Gasoline Prices in Iran: Missing the Point
EghtesadOnline: Drawing parallels between average annual income in Iran and the neighboring states, some energy experts insist, rather strongly but strangely, that gasoline is indeed cheap in the country. They may have a point, but prefer to focus on the periphery and shun some important facts.
Iranians on average earn $5,000 per annum. Gasoline is sold for 7 cents/liter, meaning 1.5% of car owners’ earnings is spent annually to buy 1,000 liters of fuel.
Statistics show the same figure ranges between 3% (in Saudi Arabia) and 50% (Pakistan and India) depending on annual income.
In Saudi Arabia, where gasoline is sold at 58 cents per liter, people on average earn $23,000 a year. In other words, barely 3% of their annual income is spent on 1,000 liters of fuel, according to Financial Tribune.
Although South Korea sells expensive gasoline (130 cents/liter), annual spending on fuel accounts for only 4% of the people’s earning. In South Kore yearly income is in the region of $32,000.
Newly released data by different sources namely statisticstimes.com show that car owners in China and Iraq spend up to 10% of their annual income on 1,000 liters of gasoline per annum. Average yearly income in these countries is $9,500 and $6,000 respectively, while a liter of fuel costs 100 cents in the world’s largest economy and 63 cents in the Arab country.
In Turkey, Iran's northern neighbor, annual salary averages $9,000 and gasoline is sold for 123 cents/liter. Translation: Owing a car in this country means that 15% of annual income should be spent on 1,000 liters of gasoline per year.
In countries like Pakistan and India where annual income is as low as $1,500 and $2,000, owning a car means spending 50% of yearly income only to fill up your tank. Gasoline is sold at 100 cents in India and 73 cents in Pakistan.
Based on these unambiguous facts and figures, some officials including Oil Minister Bijan Namdar Zanganeh say fuel tariffs need to increase. Should that not happen, rampant smuggling (10 million liters per day!) as well as domestic consumption (95 million liters/day) will persist and possibly get worse.
There is no denying that gasoline is inexpensive in Iran, but independent observers including Hadi Hojabrsadat say such a comparison is misplaced.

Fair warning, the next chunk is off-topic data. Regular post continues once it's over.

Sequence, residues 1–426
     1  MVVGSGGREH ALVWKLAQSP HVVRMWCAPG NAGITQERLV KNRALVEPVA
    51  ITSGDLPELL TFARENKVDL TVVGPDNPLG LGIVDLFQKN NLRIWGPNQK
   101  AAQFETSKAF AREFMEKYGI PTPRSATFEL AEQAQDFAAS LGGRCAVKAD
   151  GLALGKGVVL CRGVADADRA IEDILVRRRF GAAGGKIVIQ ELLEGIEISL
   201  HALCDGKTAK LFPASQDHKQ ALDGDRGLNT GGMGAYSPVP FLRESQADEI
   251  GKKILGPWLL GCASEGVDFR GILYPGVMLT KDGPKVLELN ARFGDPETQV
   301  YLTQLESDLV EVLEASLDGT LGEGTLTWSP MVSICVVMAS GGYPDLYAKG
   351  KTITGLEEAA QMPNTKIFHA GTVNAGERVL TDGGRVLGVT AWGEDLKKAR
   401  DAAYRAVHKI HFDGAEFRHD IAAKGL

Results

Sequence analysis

“Policymakers in Tehran are oblivious to the ground reality, one of which is the low-quality domestically manufactured vehicles sold at exorbitant prices,” the Mashhad businessman told the Financial Tribune.
Echoing the reasoning of most Iranians and their complaints that have fallen on deaf ears, he notes, “Things are upside down in our car industry. In most countries fuel is costly but car prices are reasonable and relatively affordable. Here it is the other way round. Add to this the bitter truth that all our home made new brand cars are both expensive and burn huge amounts of gasoline.”
When it comes to imported cars, one has to pay at least three times more in Iran. For example, the 2015 Honda Civic can be bought for $10,000 in neighboring Turkey. For the same vehicle one must pay at least $30,000 in Iran. Import of cars is banned in Iran for nearly three years.
Furthermore, comparison of public transportation in Tehran and Istanbul shows that providing people with decent public services is not very important in the former and much more needs to be done to encourage people not to use their own cars in the near permanently clogged capital.
Based on the latest data, there are 320,000 cabs currently operating across Iran, over half of which should have long been sent to the junkyard.
Regarding public buses and the subway, these are neither well-ventilated nor punctual and during rush hours it is difficult to get in, especially with baby in arms or with a small child.
Some officials keep on parroting that higher fuel prices will reduce consumption and they may be right. Nonetheless, the low-income strata will have to pay much higher prices as prices of most goods and services rise when fuel prices rise. As for the high-income groups, (officials included) they are the least bothered about how much gasoline costs or will cost in the future. Their priorities are wholly different.
Policymakers never forget to remind us that gasoline is “almost free” and so long as prices do not rise, the public will keep burning and wasting. What they intentionally refuse to mention is the plague of domestically produced gas-guzzlers and the ageing and inefficient public transportation system that has long outlived its usefulness.